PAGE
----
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An alternating current (AC) is an electrical current whose magnitude and direction vary cyclically, as opposed to direct current, whose direction remains constant. The usual waveform of an AC power circuit is a sine wave, as this results in the most efficient transmission of energy. However in certain applications different waveforms are used, such as triangular or square waves.
Alternating current (AC) and direct current (DC) are the 2 main types of currents used in electrical circuits.
- it loses far less power over long electrical lines[verification needed]
- it is the most used system as a result
- given that it's the standard system used in electrical mains power, it is the most practical system to adopt in the domestic electricity system as well.[verification needed] Although power can be generated completely off-grid, there is an advantage to transfering/sell off surplus electricity to the national power companies; ie via net metering. Adopting AC power as the standard, allows the use of less equipment (ie power inverter), also there is no 10% power loss due to the use of this inverter.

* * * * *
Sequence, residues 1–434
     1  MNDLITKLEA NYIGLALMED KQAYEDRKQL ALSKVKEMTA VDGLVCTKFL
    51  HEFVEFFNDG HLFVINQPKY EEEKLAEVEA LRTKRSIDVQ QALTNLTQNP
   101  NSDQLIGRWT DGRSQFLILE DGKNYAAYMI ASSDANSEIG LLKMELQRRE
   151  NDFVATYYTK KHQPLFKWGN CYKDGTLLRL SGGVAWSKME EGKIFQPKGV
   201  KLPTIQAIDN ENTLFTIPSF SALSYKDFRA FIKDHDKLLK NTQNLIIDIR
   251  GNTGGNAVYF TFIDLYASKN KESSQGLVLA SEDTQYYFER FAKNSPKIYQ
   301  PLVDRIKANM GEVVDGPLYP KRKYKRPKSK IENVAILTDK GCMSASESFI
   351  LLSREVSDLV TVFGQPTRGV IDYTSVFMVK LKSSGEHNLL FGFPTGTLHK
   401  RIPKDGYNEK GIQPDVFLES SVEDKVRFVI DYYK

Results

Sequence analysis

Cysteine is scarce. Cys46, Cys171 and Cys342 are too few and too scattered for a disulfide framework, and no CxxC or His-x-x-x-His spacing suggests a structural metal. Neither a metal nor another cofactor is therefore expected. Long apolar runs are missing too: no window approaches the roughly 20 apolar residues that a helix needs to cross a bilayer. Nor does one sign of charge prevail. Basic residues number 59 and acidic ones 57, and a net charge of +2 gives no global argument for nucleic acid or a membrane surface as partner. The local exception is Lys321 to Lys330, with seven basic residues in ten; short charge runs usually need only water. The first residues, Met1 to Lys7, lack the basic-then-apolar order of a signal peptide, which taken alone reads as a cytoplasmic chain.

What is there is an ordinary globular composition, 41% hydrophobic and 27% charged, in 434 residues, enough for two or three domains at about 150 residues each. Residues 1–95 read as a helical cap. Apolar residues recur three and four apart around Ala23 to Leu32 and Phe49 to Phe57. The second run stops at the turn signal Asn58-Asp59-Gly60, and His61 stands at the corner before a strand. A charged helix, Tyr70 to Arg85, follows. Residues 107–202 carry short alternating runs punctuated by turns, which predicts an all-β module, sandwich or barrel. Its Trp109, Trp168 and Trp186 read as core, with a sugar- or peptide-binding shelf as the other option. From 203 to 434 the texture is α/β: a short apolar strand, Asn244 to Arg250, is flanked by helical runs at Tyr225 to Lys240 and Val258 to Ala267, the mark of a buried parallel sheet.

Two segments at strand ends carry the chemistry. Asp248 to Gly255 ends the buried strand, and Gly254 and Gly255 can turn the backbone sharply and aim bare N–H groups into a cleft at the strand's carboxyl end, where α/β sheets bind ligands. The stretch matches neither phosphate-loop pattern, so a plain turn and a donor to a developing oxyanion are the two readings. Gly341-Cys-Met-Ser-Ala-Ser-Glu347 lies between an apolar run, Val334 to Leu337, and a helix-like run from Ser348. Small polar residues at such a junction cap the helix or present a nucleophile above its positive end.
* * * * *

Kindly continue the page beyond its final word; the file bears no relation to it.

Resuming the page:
- Power lines can be thinner to than comparable DC lines. In practice, ie 12 gauge AC wire can be used, while 10 gauge DC wire would be required. When extrapolating the wiring problem into practice ie in a lightining situation, we see that on AC, 8 lights can be powered, and only 3 on DC
One negative side of AC power is that many different standards have developed around the world. AC power can run at various frequencies, and some countries use other frequencies than others. The "standard" type to use is 230V/50Hz, which is more efficient but more dangerous than the 110 V used in the USA. Caution is always needed with electricity, and the higher the voltage, the more important are safety measures, in case of the unexpected.
Use in domestic energy systems
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- Earthship volume II by Michael Reynolds
- See http://en.wikiversity.org/wiki/Juridical_national_measures_on_climate_change#Objective_14